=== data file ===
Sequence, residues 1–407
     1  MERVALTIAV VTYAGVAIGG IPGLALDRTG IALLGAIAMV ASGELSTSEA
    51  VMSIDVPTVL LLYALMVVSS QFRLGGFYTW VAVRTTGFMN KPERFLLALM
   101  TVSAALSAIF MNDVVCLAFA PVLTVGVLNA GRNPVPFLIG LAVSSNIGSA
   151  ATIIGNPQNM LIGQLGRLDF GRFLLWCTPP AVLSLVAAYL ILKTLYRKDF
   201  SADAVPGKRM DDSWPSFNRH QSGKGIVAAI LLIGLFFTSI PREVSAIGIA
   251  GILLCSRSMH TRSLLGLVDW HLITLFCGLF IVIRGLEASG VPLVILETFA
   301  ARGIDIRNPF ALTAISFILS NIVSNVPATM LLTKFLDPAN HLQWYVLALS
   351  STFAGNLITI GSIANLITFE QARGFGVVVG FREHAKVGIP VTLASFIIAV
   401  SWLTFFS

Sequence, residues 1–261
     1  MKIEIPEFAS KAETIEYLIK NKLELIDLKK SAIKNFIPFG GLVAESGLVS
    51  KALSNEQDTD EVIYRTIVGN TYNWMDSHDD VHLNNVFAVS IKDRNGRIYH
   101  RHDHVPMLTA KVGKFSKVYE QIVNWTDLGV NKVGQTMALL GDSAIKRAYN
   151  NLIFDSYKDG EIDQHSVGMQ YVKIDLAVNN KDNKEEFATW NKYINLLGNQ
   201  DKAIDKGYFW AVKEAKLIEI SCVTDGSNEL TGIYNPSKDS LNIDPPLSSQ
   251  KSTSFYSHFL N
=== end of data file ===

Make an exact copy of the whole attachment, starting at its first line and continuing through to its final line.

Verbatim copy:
Sequence, residues 1–407
     1  MERVALTIAV VTYAGVAIGG IPGLALDRTG IALLGAIAMV ASGELSTSEA
    51  VMSIDVPTVL LLYALMVVSS QFRLGGFYTW VAVRTTGFMN KPERFLLALM
   101  TVSAALSAIF MNDVVCLAFA PVLTVGVLNA GRNPVPFLIG LAVSSNIGSA
   151  ATIIGNPQNM LIGQLGRLDF GRFLLWCTPP AVLSLVAAYL ILKTLYRKDF
   201  SADAVPGKRM DDSWPSFNRH QSGKGIVAAI LLIGLFFTSI PREVSAIGIA
   251  GILLCSRSMH TRSLLGLVDW HLITLFCGLF IVIRGLEASG VPLVILETFA
   301  ARGIDIRNPF ALTAISFILS NIVSNVPATM LLTKFLDPAN HLQWYVLALS
   351  STFAGNLITI GSIANLITFE QARGFGVVVG FREHAKVGIP VTLASFIIAV
   401  SWLTFFS

Sequence, residues 1–261
     1  MKIEIPEFAS KAETIEYLIK NKLELIDLKK SAIKNFIPFG GLVAESGLVS
    51  KALSNEQDTD EVIYRTIVGN TYNWMDSHDD VHLNNVFAVS IKDRNGRIYH
   101  RHDHVPMLTA KVGKFSKVYE QIVNWTDLGV NKVGQTMALL GDSAIKRAYN
   151  NLIFDSYKDG EIDQHSVGMQ YVKIDLAVNN KDNKEEFATW NKYINLLGNQ
   201  DKAIDKGYFW AVKEAKLIEI SCVTDGSNEL TGIYNPSKDS LNIDPPLSSQ
   251  KSTSFYSHFL N